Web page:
7. Finally (because I’m on a bit of a classics kick), what’s your favourite classic novel (or favourites…)?

            Oh, gosh…how to choose? One of the most influential novels during my adolescent years was The Chrysalids by John Wyndham. I think I was eleven or twelve when I read it, and it was, I believe, my first post apocalyptic story. It showed me that it was not only okay to be different, but desirable.  

I also loved the Narnia series, Little Women, The Black Stallion, A Clockwork Orange, The Hobbit and The Lord of the Rings.


Thanks so much for the interview, Anita!

Visit Anita at


A Change of Seasons

Hi Everyone!

Right now, the sun is setting and it’s getting a little cooler. There’s a lot of wasps buzzing around and the berries on the tree that hangs over my backyard swing keep falling off and whacking me on the head (you can see the said tree in my profile picture in the “About” section). Apparently, this is all a sign of an early fall. I hope not! I love fall, but to be honest, except from an April heat wave, we didn’t have the nicest spring. I know, just a lovely image of Manitoba living, isn’t it? :)

Just like how the seasons are slowly (sometimes quickly) changing here, this blog is going through a change of seasons. Anyone who read my previous post knows that I have a brand new computer. New computer, new rules! Although I still plan to have some long posts (like my serial novella based on “The Painted Veil”), I’m going to try to post more often, but with shorter posts. I have a few leftover reviews to get to from this past spring, as well as new ones coming. Plus you can all look forward to a new interview from awesome teen and children’s writer, Anita Daher, coming soon! Please feel free to comment. I don’t get a lot of comments, and I love hearing about what people like, or are interested in, or want to read more about. Even if you just want to say hi, please do!

On a personal level, I’ve decided to expand my horizons a bit. I’ll write a bit about what caused this actual change in a later post, but for now, I’ll just share that I’m planning to go back to school! It’s another long story for another time, but I had an option to graduate with my standard four-year BA in English this fall, or to take an extra semester to make sure I got my specialization in Children’s and Young People’s Texts and Cultures. Guess which one I picked? Glutton for punishment, I chose to keep on the specialization path because I love children’s lit, and because at the time I hadn’t planned on ever going back to school, at least not for English. Over the summer (again, long story, I’ll tell you later) certain events made me realize how I love what I do and that I’d be sad to stop when there are so many other avenues that I haven’t explored yet! It’s all very exciting. I still hope to work fulltime in communications throughout the rest of the year, throughout qualification #2, as well as afterwards because that’s what I love to do on a day-to-day basis. However, I’ve decided to either go back to school short term (4-10 weeks) for my TESOL certificate, or long term (about a year, or two part-time) for my master’s in English or Communications (different degrees are similar, but have different names and specializations). We’ll see where I am in a year, but I’m happy that I’ve decided to keep my options open.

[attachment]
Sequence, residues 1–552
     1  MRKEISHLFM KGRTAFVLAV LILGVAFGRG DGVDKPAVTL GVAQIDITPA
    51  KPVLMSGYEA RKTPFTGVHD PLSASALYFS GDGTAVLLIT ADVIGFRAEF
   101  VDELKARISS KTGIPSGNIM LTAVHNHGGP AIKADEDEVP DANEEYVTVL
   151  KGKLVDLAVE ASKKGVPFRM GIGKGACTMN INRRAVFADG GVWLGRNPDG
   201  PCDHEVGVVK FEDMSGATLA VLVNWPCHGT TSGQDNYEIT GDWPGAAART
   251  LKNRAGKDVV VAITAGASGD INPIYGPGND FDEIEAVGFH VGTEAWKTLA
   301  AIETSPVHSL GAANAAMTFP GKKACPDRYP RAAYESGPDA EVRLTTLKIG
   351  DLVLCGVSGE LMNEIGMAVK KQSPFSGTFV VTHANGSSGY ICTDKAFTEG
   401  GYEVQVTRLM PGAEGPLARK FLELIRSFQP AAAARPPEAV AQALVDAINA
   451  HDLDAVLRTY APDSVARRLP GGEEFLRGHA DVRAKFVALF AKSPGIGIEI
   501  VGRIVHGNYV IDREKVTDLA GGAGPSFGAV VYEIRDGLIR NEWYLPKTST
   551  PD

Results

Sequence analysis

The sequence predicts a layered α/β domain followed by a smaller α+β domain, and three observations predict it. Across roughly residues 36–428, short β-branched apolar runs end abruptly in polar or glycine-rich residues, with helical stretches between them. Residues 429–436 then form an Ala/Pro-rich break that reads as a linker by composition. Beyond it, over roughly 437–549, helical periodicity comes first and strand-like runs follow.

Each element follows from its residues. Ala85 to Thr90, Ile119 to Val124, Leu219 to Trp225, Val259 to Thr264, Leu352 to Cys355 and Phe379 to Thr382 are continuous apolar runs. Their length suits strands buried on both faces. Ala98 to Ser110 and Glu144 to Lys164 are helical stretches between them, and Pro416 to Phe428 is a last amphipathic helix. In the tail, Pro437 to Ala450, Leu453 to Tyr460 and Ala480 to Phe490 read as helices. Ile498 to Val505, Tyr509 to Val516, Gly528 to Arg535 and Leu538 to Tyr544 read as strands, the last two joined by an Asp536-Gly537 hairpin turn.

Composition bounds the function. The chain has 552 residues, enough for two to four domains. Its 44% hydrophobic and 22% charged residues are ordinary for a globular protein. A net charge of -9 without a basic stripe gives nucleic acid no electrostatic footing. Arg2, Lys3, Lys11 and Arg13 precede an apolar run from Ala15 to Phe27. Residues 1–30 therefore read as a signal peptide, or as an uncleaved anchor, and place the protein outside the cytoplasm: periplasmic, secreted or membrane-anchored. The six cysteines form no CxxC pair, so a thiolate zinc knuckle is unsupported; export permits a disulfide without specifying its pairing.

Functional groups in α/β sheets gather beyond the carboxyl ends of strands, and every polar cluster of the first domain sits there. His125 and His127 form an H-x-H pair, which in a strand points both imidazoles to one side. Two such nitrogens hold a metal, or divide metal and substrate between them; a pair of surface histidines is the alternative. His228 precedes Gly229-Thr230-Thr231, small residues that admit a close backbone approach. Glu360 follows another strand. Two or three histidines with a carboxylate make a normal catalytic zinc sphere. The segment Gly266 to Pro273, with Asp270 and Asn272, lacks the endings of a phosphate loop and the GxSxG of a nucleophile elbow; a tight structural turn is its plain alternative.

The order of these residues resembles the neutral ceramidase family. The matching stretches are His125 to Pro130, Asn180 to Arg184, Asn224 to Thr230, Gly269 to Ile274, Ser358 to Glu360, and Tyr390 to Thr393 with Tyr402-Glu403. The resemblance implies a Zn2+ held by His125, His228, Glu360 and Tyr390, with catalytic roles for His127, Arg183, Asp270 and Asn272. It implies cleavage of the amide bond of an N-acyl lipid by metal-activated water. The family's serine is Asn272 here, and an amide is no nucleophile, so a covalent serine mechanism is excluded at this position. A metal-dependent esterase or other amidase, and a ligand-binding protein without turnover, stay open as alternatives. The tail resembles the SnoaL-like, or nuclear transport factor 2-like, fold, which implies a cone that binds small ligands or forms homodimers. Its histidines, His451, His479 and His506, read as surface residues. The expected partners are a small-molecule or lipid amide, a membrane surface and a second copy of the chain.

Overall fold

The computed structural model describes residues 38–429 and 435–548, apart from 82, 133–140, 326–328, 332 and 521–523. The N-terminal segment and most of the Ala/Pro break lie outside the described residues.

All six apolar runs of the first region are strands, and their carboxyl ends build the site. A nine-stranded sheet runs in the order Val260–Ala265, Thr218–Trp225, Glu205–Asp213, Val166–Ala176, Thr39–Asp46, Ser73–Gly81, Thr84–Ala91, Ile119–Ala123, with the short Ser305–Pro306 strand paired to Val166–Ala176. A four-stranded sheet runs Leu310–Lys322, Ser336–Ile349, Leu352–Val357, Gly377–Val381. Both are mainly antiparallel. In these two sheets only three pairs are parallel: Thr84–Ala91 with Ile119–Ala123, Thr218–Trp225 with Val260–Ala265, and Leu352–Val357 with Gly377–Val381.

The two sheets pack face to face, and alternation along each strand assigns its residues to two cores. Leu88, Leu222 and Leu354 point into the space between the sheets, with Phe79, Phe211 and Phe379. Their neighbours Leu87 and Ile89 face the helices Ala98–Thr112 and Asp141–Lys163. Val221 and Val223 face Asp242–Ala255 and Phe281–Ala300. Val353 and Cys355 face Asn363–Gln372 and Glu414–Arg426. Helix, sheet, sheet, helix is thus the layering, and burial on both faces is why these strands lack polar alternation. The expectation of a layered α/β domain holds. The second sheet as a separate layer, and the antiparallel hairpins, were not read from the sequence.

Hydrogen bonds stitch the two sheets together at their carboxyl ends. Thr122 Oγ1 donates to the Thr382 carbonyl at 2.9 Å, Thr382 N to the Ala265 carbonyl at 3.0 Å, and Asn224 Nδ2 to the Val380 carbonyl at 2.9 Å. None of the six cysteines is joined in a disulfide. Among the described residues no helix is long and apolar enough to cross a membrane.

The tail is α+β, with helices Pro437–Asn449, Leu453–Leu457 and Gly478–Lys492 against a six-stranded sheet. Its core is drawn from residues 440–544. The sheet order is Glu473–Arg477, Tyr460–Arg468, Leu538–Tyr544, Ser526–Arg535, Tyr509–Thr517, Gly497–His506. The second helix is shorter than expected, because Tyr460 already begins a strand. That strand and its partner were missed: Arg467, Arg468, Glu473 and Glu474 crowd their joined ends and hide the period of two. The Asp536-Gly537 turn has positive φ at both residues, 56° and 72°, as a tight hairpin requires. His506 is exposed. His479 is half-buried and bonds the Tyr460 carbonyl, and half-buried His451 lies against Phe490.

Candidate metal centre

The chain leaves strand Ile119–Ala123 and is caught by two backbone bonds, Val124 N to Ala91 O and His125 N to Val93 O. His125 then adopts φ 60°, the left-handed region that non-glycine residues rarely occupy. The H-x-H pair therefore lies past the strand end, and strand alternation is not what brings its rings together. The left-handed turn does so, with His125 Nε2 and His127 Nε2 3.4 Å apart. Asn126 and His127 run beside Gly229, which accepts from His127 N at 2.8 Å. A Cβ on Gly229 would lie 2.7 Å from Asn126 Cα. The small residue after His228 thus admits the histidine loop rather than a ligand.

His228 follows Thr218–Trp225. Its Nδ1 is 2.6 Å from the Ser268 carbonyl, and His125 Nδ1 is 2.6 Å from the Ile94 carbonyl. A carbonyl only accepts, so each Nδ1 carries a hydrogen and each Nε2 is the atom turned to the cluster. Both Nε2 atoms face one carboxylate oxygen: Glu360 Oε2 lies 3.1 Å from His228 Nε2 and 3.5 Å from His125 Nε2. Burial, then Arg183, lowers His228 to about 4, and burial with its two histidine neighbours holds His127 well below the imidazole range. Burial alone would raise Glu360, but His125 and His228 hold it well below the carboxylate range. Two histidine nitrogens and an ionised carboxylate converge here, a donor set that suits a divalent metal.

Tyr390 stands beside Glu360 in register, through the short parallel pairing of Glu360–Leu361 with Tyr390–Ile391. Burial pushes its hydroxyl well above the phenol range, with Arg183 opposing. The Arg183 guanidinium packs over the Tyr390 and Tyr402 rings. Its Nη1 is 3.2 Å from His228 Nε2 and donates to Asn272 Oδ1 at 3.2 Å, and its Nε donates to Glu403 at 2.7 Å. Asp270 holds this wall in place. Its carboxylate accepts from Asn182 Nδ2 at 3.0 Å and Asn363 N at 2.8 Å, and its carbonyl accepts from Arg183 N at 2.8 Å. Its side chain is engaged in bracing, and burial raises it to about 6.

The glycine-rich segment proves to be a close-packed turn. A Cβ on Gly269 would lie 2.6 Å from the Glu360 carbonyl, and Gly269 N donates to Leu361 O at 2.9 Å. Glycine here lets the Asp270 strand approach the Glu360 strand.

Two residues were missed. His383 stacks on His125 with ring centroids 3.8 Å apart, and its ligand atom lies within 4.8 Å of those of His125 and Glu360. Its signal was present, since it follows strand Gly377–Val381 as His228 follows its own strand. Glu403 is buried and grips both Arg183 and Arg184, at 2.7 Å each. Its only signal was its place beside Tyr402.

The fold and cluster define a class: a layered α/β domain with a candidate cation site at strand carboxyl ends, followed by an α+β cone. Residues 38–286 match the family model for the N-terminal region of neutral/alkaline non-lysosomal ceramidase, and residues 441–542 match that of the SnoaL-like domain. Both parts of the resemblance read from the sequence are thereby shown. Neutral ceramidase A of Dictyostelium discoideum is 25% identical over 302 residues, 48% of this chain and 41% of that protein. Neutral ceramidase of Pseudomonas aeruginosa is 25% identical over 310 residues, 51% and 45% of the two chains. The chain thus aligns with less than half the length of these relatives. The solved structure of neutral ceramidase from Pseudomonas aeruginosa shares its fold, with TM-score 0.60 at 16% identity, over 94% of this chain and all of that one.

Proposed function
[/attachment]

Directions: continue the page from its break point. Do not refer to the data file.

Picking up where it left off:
Anyway, I hope everyone else is treasuring these last, gorgeous days of summer, and that you are all looking forward to the change that autumn brings!

x, Em